For wising up your listening. Already dominant in the Wi-Fi speaker market, Sonos’s vision for the future is broader and deeper than just being a convenient way to hear your iTunes collection blasting throughout your house. The $199 PLAY:1 speakers, introduced in late 2013, put Sonos in the price range of more budget-conscious consumers, and new software obviates the need to tether speakers directly to a router. Recent integrations with Google Play and upstart streaming service Deezer allow users to play music directly from those services through Sonos speakers. But the game changer has been the new Sonos mobile app, which enables a universal search of a user’s entire music library and streaming services. While simple in theory, for many it’s made the app not just an easier way to listen to their music, but the only way they listen to their music.
For bringing order to electronic dance music. Since 2012, SFX has gone on an epic spending spree, gobbling up iconic dance clubs (Liv, Story), an online music hub (Beatport), a leading artist management company (TMWRK), two digital marketing outfits (FameHouse, Learned Evolution), a pair of ticketing agencies (PayLogic, ClubTix), and promoters behind some of the world’s largest EDM fests (Tomorrowland, Electric Zoo). The vision? Artists get a one-stop shop for all their needs, brands like MasterCard and Budweiser get what CMO Chris Stephenson calls “a rational, organized way of being able to connect with this audience” on a global scale, and with the recent redesign of Beatport, fans get a single EDM-focused community where they can stream, buy, share, and discuss music and live events, get news, and connect with like-minded friends. A two-hour weekly EDM radio show, the fruits of a partnership with Clear Channel, debuted on Top 40 stations nationwide in August. “The entire ecosystem we’ve been consolidating is really the soundtrack to the technology revolution,” says Stephenson. “We’re creating the definitive platform for millennial culture.”
For making albums still fun to buy. Ben Blackwell, the head of production for Jack White’s Third Man Records, defines the label’s mission simply: “Create things that don’t exist.” Third Man has helped spearhead vinyl’s recent resurgence by offering fans more than just music: Glow-in-the-dark albums, liquid-filled albums, albums that play at multiple speeds. White’s recent Lazaretto, which sports a floating hologram, hidden songs under the center label, and one song with two different intros, set a record by selling over 40,000 vinyl copies its first week, and debuted at No. 1 overall. The company’s sprawling Nashville headquarters include offices, recording studios, rehearsal spaces, a live venue, a warehouse, and a storefront. There’s also a “Novelties Lounge” featuring, among other things, the only working 1947 Voice-O-Graph recording booth in the world, which has attracted Neil Young, Willie Nelson, Weezer, and thousands of less-famous folks to plunk down $15 for a 2.5-minute straight-to-vinyl recording. Some dismiss the label’s eccentricities as gimmicks, but it’s engendered uncommon loyalty among fans. As Blackwell puts it, “We’re just trying to get people to pay attention to what we’re doing.”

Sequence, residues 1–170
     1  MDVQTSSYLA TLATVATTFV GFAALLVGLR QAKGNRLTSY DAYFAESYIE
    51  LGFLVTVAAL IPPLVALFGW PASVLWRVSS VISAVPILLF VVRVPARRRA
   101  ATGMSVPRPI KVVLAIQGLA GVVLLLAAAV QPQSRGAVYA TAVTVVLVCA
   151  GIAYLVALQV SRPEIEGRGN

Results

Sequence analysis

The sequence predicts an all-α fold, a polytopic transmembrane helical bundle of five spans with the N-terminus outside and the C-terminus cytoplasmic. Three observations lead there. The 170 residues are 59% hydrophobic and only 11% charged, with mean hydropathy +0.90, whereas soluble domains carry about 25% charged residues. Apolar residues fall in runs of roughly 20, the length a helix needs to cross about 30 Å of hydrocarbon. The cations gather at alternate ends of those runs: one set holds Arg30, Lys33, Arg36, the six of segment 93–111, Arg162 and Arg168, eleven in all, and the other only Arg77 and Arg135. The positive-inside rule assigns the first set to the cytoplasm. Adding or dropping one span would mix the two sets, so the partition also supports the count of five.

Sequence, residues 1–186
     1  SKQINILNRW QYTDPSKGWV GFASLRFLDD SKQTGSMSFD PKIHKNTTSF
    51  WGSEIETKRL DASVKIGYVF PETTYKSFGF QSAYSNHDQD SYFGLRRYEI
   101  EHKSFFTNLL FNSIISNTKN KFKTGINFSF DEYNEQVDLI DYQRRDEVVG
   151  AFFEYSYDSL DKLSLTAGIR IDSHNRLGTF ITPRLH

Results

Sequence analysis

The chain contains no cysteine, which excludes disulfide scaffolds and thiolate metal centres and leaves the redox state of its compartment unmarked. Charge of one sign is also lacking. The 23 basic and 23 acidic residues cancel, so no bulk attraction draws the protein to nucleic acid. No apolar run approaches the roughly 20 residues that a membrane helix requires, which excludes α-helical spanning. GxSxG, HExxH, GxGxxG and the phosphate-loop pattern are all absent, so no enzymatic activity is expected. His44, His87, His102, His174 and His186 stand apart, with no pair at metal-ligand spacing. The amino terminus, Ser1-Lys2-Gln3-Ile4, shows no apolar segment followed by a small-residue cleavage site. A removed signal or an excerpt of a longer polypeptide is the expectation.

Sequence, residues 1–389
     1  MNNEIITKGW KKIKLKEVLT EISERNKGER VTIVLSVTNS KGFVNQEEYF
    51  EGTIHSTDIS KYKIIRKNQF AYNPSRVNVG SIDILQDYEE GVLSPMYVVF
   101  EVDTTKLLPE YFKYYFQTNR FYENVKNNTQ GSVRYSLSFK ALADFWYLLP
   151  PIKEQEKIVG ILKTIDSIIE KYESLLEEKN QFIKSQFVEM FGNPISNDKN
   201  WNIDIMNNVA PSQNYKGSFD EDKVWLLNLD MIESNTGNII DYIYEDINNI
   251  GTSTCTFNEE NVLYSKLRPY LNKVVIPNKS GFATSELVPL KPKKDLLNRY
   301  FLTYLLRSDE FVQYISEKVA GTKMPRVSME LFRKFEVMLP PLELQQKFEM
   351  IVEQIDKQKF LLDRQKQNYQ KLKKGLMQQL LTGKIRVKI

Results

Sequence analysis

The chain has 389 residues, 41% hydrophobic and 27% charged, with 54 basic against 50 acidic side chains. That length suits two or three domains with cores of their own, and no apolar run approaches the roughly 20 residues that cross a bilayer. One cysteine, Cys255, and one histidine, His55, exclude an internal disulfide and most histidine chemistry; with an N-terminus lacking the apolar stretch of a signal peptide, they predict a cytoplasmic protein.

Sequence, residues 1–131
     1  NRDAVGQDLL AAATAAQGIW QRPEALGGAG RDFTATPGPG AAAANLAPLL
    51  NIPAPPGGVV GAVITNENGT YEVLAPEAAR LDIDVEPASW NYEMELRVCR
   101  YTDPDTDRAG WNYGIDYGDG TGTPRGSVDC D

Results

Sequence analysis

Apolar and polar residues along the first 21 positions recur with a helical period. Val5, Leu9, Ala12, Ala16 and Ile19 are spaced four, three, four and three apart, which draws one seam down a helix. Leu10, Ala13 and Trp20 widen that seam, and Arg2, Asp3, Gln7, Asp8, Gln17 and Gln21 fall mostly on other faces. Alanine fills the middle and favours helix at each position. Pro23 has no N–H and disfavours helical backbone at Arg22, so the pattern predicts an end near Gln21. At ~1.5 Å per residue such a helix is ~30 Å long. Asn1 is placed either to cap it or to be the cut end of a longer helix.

For streaming what you want, even if you don’t know it yet. In three years, Spotify has gone from being an upstart outsider in the U.S. to a dominant force reshaping the entire landscape. Faced with increased competition, this year the streaming giant—which boasts more than more than 15 million paid subscribers and over 60 million active users worldwide—acquired the data-driven music intelligence service The Echo Nest, which provides tools to better understand and cater to users, based not just on what users have listened to in the past, but also when they’ve listened to it. There’s also an increased emphasis on curation. As Charlie Hellman, Spotify’s VP of Product explains, “Our editorial team can see signals in our data that people need a certain type of playlist—maybe it’s a pattern of people falling asleep or waking up to music—and very quickly have experts making playlists for exactly that moment.” A new desktop app, currently in beta, incorporates all this and increases the service’s overall speed. “Our goal is a service so well-rounded, that gets to know you so thoroughly, that all your music needs are met within Spotify,” says Hellman.
For helping artists and fans get what they want. PledgeMusic’s perpetual insistence that it does “artist-to-fan engagement” and not “crowdfunding” like Kickstarter, long felt like quibbling over semantics. But its recent redesign emphasizes that it’s monetizing the creative process, not just its product. Beyond music preorders and a menu of cool merch for pledgers, artists push exclusive updates to their fans, offer unfinished demos, or maybe the chance to visit a recording session. PledgeMusic A&R teams scout for new talent and then, along with each campaign’s project manager, work one-on-one with artists to connect them with producers and mixers, offer advice on manufacturing and shipping, and maximize revenue from the whole process. So far a whopping 90% of the 20,000 campaigns it’s launched have met their financial goals, and the site averages $61 per transaction. “I want this process to be the way all music reaches people,” says founder and president Benji Rogers. “If PledgeMusic could become the iTunes or Amazon of direct-to-fan but with the data collected belonging to the artists and labels, I’d be a happy man.”